Upbeat down under
Voyages originates from Nelson's Australian sister company and provides a substantial supplementary reading resource of 240 books. The books are organised in four levels based on increasing "difficulty, complexity and challenge". At each level, the sets include books to support four different teaching approaches: reading to children; shared reading; guided reading; independent reading. Thus, at each stage, there is a journey from complete teacher support, through teacher guidance, towards independent reading.
The status of each book is indicated by a discreet symbol on the back cover. The belief that systematic teacher direction is required at each stage of learning to read is built into the framework of the resources.
There has been a general trend towards including a variety of genres or types of text in initial reading materials. At the same time, recognition is growing that different kinds of books require appropriate and distinctive reading strategies. The necessary modelling and scaffolding of children's reading of new genres, including kinds of non-fiction, are helpfully integrated into Voyages' framework.
Another strong guiding principle, made explicit in Margaret Mooney's Exploring New Horizons with Voyages, is that reading progress goes alongside progress in the other three language processes: talking, listening and writing.
There is a clear framework for progression and an exciting mix of books of different shapes, sizes and types. At the Setting Out stage, the books are intended to encourage young readers to use predicting and confirming strategies: to use cues in text and illustration to make meaning. Some books, for example My Dog Ben, enable the teacher to draw attention to letter sound associations. Themes for young learners at this first stage include home, school and precious possessions.
Picture books include Up the Stairs which helps with the language of number and Does A Duck Eat Honey? - a "mix and match" book which will cause great amusement. Grandma's Hospital is a transition from a picture book towards a first storybook with more text. About a third of the books at this stage are early types of non-fiction. I particularly like two useful and attractive procedural books - Make a Pizza Face and This is the Book I Borrowed.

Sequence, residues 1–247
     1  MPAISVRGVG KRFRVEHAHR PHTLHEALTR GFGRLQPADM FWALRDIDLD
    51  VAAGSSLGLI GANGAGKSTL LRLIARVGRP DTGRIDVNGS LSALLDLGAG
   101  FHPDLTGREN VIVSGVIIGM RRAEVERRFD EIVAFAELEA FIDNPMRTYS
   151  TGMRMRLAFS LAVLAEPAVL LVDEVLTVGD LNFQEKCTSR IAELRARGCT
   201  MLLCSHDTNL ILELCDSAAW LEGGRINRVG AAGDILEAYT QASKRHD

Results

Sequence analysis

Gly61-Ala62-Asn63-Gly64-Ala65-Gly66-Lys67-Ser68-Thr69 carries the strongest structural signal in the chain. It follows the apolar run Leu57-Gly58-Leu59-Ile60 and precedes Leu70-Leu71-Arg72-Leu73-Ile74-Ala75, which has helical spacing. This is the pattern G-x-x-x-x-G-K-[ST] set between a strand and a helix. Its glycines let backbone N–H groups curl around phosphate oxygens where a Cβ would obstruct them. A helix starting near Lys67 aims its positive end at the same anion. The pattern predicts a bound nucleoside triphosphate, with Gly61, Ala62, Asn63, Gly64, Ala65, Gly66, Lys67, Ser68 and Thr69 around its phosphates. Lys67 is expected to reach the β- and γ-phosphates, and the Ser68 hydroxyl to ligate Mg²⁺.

The themes of the books in Well Underway tend to draw young readers into the wider world. The Hippo Bus is about a fantasy journey and Blossom follows the adventures of a small dog in a big city. Sentence structure is more complex and forms more varied - On Top of Strawberry Hill has a range of poetic styles.
A number of the books in the Forging Ahead sets require children to use inference and deduction to understand some of the more subtle meanings and moods. Themes are more demanding; sometimes there are longish timespans (The Ghost Tree) and sometimes exploration of feelings and ideas of emotional relevance (Aunt Wilhemina's Will).
A range of fiction genres including realism, fantasy and traditional tales are all well represented. Both Lizard's Song, a play script, and Pen Pals, written entirely in the form of letters, could be the starting point for children's own writing in different genres. The non-fiction books for this stage introduce more technical vocabularies, for example, Collections,Growing Sprouts and Eva's Sprout Diary.
Books at the Gathering Speed stage explore more mature themes about the differing values people have and how they face up to the consequences of human actions - sometimes taken up in a humorous way, as in What a Haircut!Characterisation goes beyond description to learning about a person through noticing what they say and do: this is apparent in Hannah and her Dad.
The non-fiction books include more systematic use of retrieval devices and structural guides, such as chapters and subheadings and the labelling of diagrams. Hands and Feet is a clear non-narrative information book relating the physical structure of animals to function. There are also useful books contributing to language awareness. Raewyn's Got The Writing Bug reveals the power and the purposes of writing while Drawing My View and Shooting It Straight introduce children to interviews and writing biographies. Quality books on the roots of words, proverbs and aspects of grammar would be welcome additions.
A great strength of this resource is its flexibility. A helpful Voyages Comparative Reading Chart is provided in A Teacher's Introduction indicating how Voyages collections at each stage fit with and extend what is offered in the main core reading schemes and approaches. However, with the growing interest in phonological awareness, a more systematic approach to this aspect of learning to read is needed.